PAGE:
EVOLUTION OF MUMBAI-FROM ISLAND ENVIRONMENT TO URBAN ENVIRONMENT
Dr.V M Dehai Kulkarni,
Retd. Professor & Head of the Geology Dept.
K J Somaiya College of Science & Commerce,
Vidyavihar, Mumbai - 400 076.
Evolution of Mumbai during the last 300 years is an illustrative example as to how present day development: Economic, Social & Environmental have caused various problems for the inhabitants of Mumbai. Introduction: 1) Dr. Buist wrote in 1851 that Bombay Island for most part rose in to round or nearly flat topped hills varying in height from 100 to 1000 ft. At that time there existed a belt of Coconut trees adoring the Shores of Bombay having within it an infinite variety of Woodland, Mountain, Lake and River Scenery every where. According to him Bombay island scarcely surpassed in picturesqueness and beauty anywhere in the world. Within one hundred years there is a tremendous change in Bombay. Many of the hills like Mazagaon hill (150 ft.) Chinchpokli Hill (150 ft.). Matunga Hill, Tardeo Hill has vanished from Bombay's topography. Even the hills like Malbar Hill, Worli Hill do not look like hills now. Most of the hills in Greater Bombay have already been digested by our greed for more land and for housing industry & other activities.
Bacon has rightly pointed out 400 years ago that "Nature to be commanded must be obeyed"! Any interference with Natural process may have therefore unexpected effects elsewhere in course of time. In this context, it may be stated that a city can never be planned and designed in total disregard of its environment upon which it cannot be just imposed. The city must fit in at least with the topographic limitations of the chosen site. Consideration of the environment of the site is therefore one of the most vital parts in the complex process a part without which the planning-operations cannot proceed with any degree of certainity or true efficiency. Haphazard and local reclamation, distinction of hills, disturbing the earlier natural drainage of Mumbai Island, have affected Mumbai's environment.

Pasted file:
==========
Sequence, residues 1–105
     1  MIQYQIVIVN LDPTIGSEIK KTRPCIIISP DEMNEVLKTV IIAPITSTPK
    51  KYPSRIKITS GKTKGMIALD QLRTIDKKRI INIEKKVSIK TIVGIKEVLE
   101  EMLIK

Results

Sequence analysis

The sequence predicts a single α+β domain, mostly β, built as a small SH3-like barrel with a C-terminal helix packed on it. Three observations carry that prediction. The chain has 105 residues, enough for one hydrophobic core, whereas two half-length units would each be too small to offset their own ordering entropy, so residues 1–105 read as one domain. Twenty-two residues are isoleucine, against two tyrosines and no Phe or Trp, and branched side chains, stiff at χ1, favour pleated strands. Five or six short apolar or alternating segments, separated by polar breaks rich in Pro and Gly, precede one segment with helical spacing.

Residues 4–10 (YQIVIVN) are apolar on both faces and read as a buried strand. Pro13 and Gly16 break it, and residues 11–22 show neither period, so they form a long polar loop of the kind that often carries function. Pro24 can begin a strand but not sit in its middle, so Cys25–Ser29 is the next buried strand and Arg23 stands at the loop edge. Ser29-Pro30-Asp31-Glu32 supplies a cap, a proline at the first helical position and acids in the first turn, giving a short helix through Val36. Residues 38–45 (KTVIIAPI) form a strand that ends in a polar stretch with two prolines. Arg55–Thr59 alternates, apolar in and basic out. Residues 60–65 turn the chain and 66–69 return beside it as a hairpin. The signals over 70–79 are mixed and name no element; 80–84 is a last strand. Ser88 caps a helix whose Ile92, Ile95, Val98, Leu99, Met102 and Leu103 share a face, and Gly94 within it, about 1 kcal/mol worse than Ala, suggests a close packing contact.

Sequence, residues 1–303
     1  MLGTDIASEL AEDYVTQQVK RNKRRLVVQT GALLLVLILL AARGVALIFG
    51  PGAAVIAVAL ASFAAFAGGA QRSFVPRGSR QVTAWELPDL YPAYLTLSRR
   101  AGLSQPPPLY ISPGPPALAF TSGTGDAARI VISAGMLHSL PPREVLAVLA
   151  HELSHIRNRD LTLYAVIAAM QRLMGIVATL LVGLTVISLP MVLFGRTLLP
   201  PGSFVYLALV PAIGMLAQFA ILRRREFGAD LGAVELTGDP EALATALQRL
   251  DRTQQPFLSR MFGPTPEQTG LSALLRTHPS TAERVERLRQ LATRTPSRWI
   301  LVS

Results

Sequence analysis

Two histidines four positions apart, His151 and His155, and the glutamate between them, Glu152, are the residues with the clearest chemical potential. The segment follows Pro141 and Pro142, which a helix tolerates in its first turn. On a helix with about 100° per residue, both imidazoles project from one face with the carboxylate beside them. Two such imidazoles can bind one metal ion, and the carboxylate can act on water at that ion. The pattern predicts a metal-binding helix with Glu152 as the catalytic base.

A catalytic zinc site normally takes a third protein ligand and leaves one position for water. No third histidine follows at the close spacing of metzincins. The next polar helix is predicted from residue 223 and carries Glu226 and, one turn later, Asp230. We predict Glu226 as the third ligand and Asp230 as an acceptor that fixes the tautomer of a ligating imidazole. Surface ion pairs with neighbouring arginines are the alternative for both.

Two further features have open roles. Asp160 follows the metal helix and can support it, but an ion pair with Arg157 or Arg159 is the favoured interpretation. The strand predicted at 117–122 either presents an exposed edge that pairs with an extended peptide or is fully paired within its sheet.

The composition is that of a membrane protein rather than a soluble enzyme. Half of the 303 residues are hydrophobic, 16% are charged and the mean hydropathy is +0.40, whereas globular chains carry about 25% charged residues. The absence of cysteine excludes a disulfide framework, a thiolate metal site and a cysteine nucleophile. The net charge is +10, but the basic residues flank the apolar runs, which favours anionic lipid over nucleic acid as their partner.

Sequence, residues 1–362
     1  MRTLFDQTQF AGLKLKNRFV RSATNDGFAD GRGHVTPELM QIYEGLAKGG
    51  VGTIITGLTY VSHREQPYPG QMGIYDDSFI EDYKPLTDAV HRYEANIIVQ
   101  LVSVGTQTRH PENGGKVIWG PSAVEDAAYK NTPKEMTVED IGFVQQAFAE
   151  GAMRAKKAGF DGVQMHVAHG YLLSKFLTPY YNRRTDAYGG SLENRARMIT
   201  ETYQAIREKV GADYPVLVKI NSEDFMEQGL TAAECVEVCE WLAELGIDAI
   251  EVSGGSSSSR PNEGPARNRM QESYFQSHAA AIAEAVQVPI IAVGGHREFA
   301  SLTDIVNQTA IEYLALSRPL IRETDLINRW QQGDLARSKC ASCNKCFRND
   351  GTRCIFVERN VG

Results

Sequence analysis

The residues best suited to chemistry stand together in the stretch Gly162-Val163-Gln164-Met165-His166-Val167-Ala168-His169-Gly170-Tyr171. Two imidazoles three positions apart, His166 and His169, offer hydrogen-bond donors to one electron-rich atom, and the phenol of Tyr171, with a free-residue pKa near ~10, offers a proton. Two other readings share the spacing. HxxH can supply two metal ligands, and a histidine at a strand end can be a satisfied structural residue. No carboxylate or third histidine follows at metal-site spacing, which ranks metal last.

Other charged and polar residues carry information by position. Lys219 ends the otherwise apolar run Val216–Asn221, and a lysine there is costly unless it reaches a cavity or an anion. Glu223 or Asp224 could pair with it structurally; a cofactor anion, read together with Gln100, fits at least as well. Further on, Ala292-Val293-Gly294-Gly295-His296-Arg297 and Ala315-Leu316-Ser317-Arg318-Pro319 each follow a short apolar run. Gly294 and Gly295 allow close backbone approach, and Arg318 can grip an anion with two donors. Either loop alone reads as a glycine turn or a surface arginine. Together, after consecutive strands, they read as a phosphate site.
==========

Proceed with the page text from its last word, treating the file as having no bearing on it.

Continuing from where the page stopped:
Evolution of Mumbai during the last 300 years is an illustrative example as to how present day development: Economic, Social & Environmental have caused various problems for the inhabitants of Mumbai.
1) Dr. Buist wrote in 1851 that Bombay Island for most part rose in to round or nearly flat topped hills varying in height from 100 to 1000 ft. At that time there existed a belt of Coconut trees adoring the Shores of Bombay having within it an infinite variety of Woodland, Mountain, Lake and River Scenery every where. According to him Bombay island scarcely surpassed in picturesqueness and beauty anywhere in the world. Within one hundred years there is a tremendous change in Bombay. Many of the hills like Mazagaon hill (150 ft.) Chinchpokli Hill (150 ft.). Matunga Hill, Tardeo Hill has vanished from Bombay's topography. Even the hills like Malbar Hill, Worli Hill do not look like hills now. Most of the hills in Greater Bombay have already been digested by our greed for more land and for housing industry & other activities.
Gilbert Hill Andheri: - Nature's Geo-Architecture.
The fill has been excavated to procure construction material and also to provide space for housing colonies. After the Seminar on "Endangered Hills" in 1981 the author wrote to G.S.I, requesting to preserve this hill as "Geological Monument" now declared as "Heritage Monument" by the Govt. of India. It has become a centre of Geo-Scientific expedition for studying formation of "Columnar Basalt" by Geologists all over the world.
2) Man and Nature